Mapping Your Academic Career

I had set myself on the path of a PhD when I picked this book up at Urbana 2015, and hoped to read up on some guidance. When finally getting a chance to read it a year later, however, I found myself flipping through the life of professor — not a discussion of how best to center my life around Jesus while navigating graduate studies! In a conversational but direct manner, Burge describes the life trajectory of a faculty member in three main stages, each with their own goals, challenges, and successes. Taking the position of an amateur developmental psychologist (himself a professor of New Testament theology), he divides the three main cohorts of professors not by age, but by maturity.

Cohort 1 is concerned with finding security, Cohort 2 with finding success, and Cohort 3 with finding significance. Burge fills out a structured outline for each in his short text, first discussing the marking characteristics of each group, then warning against a series of common failures and difficulties, and concluding with the moments that define the closing of a cohort. It’s a helpful collection of list-like information, which makes searching for information easier.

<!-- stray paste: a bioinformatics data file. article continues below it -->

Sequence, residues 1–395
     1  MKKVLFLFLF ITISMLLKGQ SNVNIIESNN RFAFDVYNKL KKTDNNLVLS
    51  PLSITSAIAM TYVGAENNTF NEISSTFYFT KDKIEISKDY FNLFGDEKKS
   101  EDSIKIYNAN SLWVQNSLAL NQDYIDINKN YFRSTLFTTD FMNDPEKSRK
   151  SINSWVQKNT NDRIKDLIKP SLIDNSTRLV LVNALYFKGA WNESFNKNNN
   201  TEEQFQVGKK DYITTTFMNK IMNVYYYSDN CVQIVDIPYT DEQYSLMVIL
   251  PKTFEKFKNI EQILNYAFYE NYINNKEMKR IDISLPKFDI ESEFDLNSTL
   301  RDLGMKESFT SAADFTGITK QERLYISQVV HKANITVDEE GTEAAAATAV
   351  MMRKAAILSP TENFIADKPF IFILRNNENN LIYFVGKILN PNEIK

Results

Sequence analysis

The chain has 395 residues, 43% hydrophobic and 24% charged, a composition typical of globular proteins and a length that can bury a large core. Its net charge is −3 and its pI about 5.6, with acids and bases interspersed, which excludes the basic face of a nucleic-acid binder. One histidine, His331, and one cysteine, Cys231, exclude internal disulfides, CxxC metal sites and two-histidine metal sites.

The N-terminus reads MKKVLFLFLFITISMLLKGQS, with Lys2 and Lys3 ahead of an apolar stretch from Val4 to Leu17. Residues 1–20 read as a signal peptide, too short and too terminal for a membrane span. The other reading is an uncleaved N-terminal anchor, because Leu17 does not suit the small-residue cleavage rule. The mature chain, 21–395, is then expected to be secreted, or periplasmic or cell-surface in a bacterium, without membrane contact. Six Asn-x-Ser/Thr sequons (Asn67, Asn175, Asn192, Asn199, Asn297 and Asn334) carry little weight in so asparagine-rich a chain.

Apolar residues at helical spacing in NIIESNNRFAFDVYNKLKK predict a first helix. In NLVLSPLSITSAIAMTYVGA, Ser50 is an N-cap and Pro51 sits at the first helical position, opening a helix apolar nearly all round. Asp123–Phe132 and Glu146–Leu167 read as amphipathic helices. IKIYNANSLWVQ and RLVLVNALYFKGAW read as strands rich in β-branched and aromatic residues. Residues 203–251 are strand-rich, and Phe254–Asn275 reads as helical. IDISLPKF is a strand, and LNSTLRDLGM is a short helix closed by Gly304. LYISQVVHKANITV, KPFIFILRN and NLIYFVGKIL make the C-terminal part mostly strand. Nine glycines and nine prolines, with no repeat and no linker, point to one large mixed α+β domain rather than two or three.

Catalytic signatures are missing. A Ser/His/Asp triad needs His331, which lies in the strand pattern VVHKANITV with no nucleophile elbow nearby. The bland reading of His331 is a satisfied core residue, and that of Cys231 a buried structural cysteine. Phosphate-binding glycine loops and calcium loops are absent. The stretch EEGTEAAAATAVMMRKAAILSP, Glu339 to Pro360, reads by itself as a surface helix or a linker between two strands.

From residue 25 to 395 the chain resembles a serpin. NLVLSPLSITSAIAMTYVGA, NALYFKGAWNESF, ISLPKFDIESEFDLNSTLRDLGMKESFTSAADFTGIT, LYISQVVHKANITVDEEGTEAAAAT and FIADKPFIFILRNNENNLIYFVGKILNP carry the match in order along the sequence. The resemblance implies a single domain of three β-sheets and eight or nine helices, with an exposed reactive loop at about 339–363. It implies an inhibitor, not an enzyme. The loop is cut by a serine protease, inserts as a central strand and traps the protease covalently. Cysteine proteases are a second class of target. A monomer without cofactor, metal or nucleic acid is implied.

Coupled with conversations with my advisor on the academic life, Burge provides a good framework for understanding a faculty’s personal and professional progression. While not all of it is anywhere near relevant to me right now, it acts as a high-level road map for understanding what’s to come.



Book (Nonfiction)
Release Date
July 9, 2015
Joshua J. Daymude
Joshua J. Daymude
Assistant Professor, SCAI & CBSS

I am a Christian and assistant professor in computer science studying collective emergent behavior and programmable matter through the lens of distributed computing, stochastic processes, and bio-inspired algorithms. I also love gaming and playing music.